Community celebrates first tiny
home for veterans with a signing event and groundbreaking
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[April 26, 2021]
This past Saturday, April 24th there was a great deal of activity
going on around Lincoln including a special signing event and a
ground breaking for the first of hopefully several tiny homes for
The tiny homes are being constructed by 2-X-4’s for Hope, an
organization out of Quincy whose goal is to provide housing for all
veterans in need. The tiny homes are a “stick-built” from the ground
up permanent structure. Having the homes offered in Lincoln did
require a special zoning allowance by the city.
Locally, the campaign for tiny homes in Lincoln and Logan County is
being driven by the Central Illinois Veteran’s Commission, a newly
formed organization led by local Veteran Joe Schaler and Veteran
Advocate Marcia Fernandes.
On Saturday morning tents were set up outside RP Lumber on Woodlawn
Road, where the community was invited to stop by, write a message
for the veteran home recipient on two-by-four lumber that will be
used to construct the first tiny home. Throughout the morning a
large number of people stopped by writing messages, signing their
names, and making donations to the 2-X-4 for Hope’s first build in
Among the visitors to the tents was United States Congressman
representing the Illinois District 18 Darin LaHood. LaHood was in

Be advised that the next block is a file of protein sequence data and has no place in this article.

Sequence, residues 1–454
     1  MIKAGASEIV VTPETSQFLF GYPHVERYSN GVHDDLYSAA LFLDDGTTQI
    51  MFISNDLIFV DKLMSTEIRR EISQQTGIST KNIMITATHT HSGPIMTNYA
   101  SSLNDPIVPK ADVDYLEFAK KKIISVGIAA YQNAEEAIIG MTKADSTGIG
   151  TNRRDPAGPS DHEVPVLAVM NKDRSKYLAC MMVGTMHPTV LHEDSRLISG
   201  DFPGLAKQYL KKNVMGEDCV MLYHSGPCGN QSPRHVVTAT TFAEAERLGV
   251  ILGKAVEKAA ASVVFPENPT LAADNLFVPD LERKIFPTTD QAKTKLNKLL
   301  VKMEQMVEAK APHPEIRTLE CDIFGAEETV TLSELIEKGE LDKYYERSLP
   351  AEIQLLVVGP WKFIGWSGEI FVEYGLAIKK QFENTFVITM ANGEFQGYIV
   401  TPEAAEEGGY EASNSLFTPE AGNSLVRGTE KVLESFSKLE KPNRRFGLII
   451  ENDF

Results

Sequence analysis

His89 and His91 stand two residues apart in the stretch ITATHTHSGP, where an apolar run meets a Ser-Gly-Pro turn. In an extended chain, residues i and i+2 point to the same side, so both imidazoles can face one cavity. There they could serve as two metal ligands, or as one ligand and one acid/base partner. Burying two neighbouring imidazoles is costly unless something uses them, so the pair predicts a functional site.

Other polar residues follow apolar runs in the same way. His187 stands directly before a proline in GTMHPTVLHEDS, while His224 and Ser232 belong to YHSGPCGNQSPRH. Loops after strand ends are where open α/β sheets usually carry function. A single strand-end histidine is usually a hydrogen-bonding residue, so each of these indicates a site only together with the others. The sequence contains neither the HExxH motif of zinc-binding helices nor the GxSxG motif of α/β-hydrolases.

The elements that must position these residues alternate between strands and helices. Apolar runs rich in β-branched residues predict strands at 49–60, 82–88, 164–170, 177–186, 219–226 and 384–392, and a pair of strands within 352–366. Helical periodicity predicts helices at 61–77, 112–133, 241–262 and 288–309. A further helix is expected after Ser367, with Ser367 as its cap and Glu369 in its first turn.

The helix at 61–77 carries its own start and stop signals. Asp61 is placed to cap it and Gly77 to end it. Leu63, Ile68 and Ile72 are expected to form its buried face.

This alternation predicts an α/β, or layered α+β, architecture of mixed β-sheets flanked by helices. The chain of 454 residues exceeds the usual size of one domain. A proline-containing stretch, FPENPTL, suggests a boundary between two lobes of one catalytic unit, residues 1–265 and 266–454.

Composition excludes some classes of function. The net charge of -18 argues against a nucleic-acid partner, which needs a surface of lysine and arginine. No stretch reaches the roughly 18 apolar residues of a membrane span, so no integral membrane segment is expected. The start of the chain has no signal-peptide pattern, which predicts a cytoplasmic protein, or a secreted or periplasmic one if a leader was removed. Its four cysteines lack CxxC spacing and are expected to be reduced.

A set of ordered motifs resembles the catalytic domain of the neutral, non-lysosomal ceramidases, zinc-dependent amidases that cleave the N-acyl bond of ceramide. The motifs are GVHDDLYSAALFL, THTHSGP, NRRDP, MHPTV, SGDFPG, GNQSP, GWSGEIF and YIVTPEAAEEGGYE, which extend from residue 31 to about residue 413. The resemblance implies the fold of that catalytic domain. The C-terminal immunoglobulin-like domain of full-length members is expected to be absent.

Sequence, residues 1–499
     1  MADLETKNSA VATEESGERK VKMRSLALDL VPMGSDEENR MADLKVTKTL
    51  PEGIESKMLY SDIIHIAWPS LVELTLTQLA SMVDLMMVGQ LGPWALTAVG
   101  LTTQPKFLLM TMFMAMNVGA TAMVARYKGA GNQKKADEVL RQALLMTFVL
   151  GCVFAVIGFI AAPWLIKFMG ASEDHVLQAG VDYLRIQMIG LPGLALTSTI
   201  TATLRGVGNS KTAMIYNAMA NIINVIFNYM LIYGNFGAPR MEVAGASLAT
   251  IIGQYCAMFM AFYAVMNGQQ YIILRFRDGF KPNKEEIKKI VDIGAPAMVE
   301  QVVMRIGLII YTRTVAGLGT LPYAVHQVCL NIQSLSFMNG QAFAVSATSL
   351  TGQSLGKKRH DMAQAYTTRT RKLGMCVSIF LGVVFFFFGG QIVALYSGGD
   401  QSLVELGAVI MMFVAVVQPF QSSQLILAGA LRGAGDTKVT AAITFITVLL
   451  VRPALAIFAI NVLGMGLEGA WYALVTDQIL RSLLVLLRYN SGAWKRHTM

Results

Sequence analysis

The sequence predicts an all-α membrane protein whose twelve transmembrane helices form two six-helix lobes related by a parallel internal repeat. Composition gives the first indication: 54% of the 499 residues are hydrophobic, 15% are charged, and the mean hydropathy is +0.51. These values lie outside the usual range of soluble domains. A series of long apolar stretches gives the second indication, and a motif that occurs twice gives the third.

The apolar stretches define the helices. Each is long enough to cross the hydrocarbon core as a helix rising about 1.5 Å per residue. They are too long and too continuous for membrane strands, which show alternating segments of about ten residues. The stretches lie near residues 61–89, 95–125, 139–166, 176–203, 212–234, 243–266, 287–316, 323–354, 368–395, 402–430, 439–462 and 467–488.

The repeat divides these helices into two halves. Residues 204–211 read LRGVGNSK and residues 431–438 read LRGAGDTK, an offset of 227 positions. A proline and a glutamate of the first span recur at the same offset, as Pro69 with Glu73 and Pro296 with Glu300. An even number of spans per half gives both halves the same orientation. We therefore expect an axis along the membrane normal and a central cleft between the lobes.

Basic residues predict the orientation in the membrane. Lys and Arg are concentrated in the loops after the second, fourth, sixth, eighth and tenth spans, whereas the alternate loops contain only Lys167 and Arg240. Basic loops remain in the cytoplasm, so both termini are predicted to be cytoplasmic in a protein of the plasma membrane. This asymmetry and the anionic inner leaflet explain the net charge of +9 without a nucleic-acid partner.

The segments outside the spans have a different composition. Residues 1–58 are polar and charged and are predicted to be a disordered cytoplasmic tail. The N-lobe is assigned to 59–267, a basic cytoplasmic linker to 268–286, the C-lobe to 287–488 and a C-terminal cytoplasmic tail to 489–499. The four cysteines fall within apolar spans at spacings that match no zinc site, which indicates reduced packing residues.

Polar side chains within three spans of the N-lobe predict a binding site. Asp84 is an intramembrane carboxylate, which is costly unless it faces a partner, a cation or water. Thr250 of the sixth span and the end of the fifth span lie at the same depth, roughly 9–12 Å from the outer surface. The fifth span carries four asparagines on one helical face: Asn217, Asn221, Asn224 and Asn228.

Lincoln for the day, and had started out in the morning at the city
wide clean-up event led by local resident Scott Turner. He then
visited the tents at RP Lumber. After that, he led a meeting of his
Veterans Advisory Committee in Lincoln, then attended the
groundbreaking ceremonies for the first tiny home.
Fernandes noted that there had been a selection of 2-X-4’s taken to
local schools where children decorated the boards and wrote messages
to the veteran who will receive the home. She said there are plans
this week to take the blank pieces of wood to other communities in
the county for additional signing opportunities.
Fernandes also explained that once construction begins, the tiny
home will be completed in eight days. The construction of the home
includes the finished exterior and interior, furnishing, and even
food in the fridge and cabinets. When the key is turned over to the
new owner it will truly be a move-in-ready completed home.
According to Mark Lawrence of 2-X-4’s for Hope, there is a large
demand for the homes that are being built for veterans. While the
application process is still underway for the first home in Lincoln,
there is already a number of applicants seeking to be the first
Just before noon on Saturday the tents at RP Lumber were taken down
and moved to the site of the groundbreaking. They were reassembled
and the pieces of lumber were set out for signing opportunities
prior to the groundbreaking.
The first of the tiny homes in Lincoln will be located on a corner
lot at the intersection of College Street and Sixth Street. It is
reported that there is space on the lot for up to four such homes to
The groundbreaking ceremony took place at 1:30 p.m. with those
manning shovels including (left to right) Dan Benedict with the
Logan County Veterans Assistance Commission, Fernandes, Rachel Oney
with the Lincoln Logan County Salvation Army; Haji Patel who has